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Steamboat Springs Colorado, USA

Foundation of Teaching
Buddhism, Compassion, Self-Realization, Presence, Non-Duality, Love

Example of Teaching
“Fear is a natural reaction to moving closer to the truth”


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Pema Chödrön

Pema Chödrön was born Deirdre Blomfield-Brown in 1936, in New York City. She attended Miss Porter’s School in Connecticut and graduated from the University of California at Berkeley. She taught as an elementary school teacher for many years in both New Mexico and California. Pema has two children and three grandchildren.

While in her mid-thirties, Pema traveled to the French Alps and encountered Lama Chime Rinpoche, with whom she studied for several years. She became a novice nun in 1974 while studying with Lama Chime in London. His Holiness the Sixteenth Karmapa came to England at that time, and Pema received her ordination from him.

Pema first met her root teacher, Chögyam Trungpa Rinpoche, in 1972. Lama Chime encouraged her to work with Rinpoche, and it was with him that she ultimately made her most profound connection, studying with him from 1974 until his death in 1987. At the request of the Sixteenth Karmapa, she received the full monastic ordination in the Chinese lineage of Buddhism in 1981 in Hong Kong.

Pema served as the director of Karma Dzong, in Boulder, until moving in 1984 to rural Cape Breton, Nova Scotia to be the director of Gampo Abbey. Chögyam Trungpa Rinpoche asked her to work towards the establishment of a monastery for western monks and nuns.

Pema currently teaches in the United States and Canada and plans for an increased amount of time in solitary retreat under the guidance of Venerable Dzigar Kongtrul Rinpoche.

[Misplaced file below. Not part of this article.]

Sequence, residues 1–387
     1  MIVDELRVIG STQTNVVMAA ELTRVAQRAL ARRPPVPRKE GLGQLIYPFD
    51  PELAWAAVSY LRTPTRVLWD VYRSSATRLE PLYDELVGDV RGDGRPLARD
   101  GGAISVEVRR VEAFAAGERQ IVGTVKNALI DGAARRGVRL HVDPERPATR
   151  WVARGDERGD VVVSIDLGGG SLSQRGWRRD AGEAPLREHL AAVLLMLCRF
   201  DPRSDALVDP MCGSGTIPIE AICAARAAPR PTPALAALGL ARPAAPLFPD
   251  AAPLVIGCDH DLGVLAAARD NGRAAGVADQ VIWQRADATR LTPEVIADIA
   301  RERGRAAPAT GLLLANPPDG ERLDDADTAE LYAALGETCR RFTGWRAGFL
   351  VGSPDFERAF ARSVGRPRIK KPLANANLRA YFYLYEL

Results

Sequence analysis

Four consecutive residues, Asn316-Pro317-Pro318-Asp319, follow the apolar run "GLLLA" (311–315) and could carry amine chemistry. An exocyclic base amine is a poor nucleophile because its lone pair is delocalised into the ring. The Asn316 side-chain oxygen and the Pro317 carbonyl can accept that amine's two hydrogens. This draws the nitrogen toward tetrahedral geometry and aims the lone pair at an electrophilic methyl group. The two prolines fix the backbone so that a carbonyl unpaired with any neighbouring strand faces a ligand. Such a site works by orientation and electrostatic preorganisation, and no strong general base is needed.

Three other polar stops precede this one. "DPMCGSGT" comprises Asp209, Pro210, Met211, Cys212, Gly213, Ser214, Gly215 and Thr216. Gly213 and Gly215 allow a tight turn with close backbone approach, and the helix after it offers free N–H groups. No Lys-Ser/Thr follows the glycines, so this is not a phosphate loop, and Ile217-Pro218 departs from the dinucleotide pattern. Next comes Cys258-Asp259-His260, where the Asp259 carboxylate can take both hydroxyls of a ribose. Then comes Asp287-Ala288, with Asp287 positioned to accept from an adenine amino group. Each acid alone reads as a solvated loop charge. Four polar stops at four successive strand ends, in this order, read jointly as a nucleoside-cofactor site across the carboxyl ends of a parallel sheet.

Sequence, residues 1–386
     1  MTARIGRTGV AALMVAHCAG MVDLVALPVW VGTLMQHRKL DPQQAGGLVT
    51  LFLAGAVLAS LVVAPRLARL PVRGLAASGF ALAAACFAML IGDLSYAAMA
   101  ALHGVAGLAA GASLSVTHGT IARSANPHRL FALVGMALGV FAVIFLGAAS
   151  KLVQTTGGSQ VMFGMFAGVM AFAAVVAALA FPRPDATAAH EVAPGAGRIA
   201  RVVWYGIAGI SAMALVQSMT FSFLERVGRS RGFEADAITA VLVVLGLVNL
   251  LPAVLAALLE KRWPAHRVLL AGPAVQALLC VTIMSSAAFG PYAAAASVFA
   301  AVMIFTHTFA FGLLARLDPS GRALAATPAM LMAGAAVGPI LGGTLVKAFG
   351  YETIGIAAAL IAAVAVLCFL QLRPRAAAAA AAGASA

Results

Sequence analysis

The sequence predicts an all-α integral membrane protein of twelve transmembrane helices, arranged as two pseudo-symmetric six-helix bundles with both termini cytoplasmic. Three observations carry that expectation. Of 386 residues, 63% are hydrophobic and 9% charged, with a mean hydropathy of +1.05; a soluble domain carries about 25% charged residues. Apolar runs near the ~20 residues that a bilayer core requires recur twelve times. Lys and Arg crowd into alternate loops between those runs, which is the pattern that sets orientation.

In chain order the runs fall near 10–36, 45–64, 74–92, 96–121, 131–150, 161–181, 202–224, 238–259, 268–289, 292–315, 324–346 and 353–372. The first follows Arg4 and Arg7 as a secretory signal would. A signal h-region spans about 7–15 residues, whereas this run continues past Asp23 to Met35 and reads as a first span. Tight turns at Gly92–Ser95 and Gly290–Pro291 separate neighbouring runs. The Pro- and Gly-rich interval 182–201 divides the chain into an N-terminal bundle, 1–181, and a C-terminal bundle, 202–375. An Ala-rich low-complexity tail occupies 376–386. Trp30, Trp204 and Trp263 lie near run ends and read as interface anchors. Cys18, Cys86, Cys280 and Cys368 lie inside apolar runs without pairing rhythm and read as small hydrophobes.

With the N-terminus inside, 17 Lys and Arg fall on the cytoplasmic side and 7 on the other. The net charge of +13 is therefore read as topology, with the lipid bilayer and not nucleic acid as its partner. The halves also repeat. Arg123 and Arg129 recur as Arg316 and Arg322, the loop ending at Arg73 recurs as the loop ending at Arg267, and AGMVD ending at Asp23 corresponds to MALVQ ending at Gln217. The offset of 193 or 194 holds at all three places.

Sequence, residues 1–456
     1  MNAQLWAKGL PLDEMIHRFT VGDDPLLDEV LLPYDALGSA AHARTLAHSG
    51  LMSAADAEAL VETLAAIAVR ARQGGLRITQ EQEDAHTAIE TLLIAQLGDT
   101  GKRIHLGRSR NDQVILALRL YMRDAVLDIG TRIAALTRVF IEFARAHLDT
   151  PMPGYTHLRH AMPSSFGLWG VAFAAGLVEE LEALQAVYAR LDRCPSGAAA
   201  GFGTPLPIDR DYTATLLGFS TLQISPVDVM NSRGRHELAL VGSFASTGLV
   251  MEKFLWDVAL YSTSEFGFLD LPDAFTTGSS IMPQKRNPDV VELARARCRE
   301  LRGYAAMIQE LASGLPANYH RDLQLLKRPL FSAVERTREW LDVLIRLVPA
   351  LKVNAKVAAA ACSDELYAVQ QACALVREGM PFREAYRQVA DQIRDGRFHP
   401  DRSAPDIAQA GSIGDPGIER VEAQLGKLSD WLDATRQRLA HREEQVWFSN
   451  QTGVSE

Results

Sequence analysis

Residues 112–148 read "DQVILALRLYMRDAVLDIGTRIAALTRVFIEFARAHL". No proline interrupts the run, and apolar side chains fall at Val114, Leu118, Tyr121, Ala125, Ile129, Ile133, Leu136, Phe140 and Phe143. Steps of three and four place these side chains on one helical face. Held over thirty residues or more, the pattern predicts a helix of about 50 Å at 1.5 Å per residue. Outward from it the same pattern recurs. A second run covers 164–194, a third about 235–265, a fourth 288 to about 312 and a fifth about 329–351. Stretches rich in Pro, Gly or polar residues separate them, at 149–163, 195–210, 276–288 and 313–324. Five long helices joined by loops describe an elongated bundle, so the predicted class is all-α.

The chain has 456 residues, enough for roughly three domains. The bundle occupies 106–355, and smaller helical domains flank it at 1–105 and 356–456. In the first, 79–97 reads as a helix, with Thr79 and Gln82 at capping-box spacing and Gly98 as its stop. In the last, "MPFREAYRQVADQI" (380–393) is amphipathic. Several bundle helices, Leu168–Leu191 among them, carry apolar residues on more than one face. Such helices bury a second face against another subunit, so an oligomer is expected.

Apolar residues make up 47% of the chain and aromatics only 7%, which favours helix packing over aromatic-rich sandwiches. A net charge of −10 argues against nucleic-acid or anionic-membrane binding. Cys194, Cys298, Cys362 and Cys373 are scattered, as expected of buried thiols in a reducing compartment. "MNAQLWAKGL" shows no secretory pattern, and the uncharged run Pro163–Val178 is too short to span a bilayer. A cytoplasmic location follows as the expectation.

Articles and Posts

  • Buddha-awaken
    views: 607
    Pema Chödrön on Waking Up — and Benefiting Others

     Pema Chödrön offers her unique perspective on The Way of the Bodhisattva…  Shantideva’s classic description of the Mahayana path. Here she addresses one of the most important of all spiritual questions—how to free ourselves from the powerful spell of the emotional [...]

  • laziness-cat-awaken
    views: 1065
    Pema Chödrön - Looking Into Laziness

    Pema Chödrön: Rather than feeling discouraged by laziness, we could get to know laziness profoundly. This very moment of laziness becomes our personal teacher. Traditionally, laziness is taught as one of the obstacles to awakening. There are different kinds of [...]

  • Awaken
    views: 1297
    The Five Life Changing Qualities Of Meditation - Pema Chödrön

    by Pema Chödrön: Why Do I Meditate? The mind is very wild. The human experience is full of unpredictability and paradox, joys and sorrows, successes and failures. We can’t escape any of these experiences in the vast terrain of our existence. [...]

  • hook-shenpa-pema-chodron-awaken
    views: 1495
    How We Get Hooked and How We Get Unhooked - Pema Chödrön

    by Pema Chödrön: Pema Chödrön on shenpa, or the urge, the hook, that triggers our habitual tendency to close down…We get hooked in that moment of tightening when we reach for relief. To get unhooked, we begin by recognizing that moment of [...]

  • Awaken
    views: 1258
    Pema Chödrön on Waking Up — and Benefiting Others

    Pema Chödrön offers her unique perspective on The Way of the Bodhisattva, Shantideva’s classic description of the Mahayana path… Here she addresses one of the most important of all spiritual questions—how to free ourselves from the powerful spell of the emotional [...]

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  1. "There's a reason you can learn from everything: you have basic wisdom, basic intelligence, and basic goodness."
  2. "A further sign of health is that we don't become undone by fear and trembling, but we take it as a message that it's time to stop struggling and look directly at what's threatening us."
  3. "Gloriousness and wretchedness need each other. One inspires us, the other softens us."
  4. "Every moment is unique, unknown, completely fresh."
  5. “The only reason we don't open our hearts and minds to other people is that they trigger confusion in us that we don't feel brave enough or sane enough to deal with. To the degree that we look clearly and compassionately at ourselves, we feel confident and fearless about looking into someone else's eyes. ”

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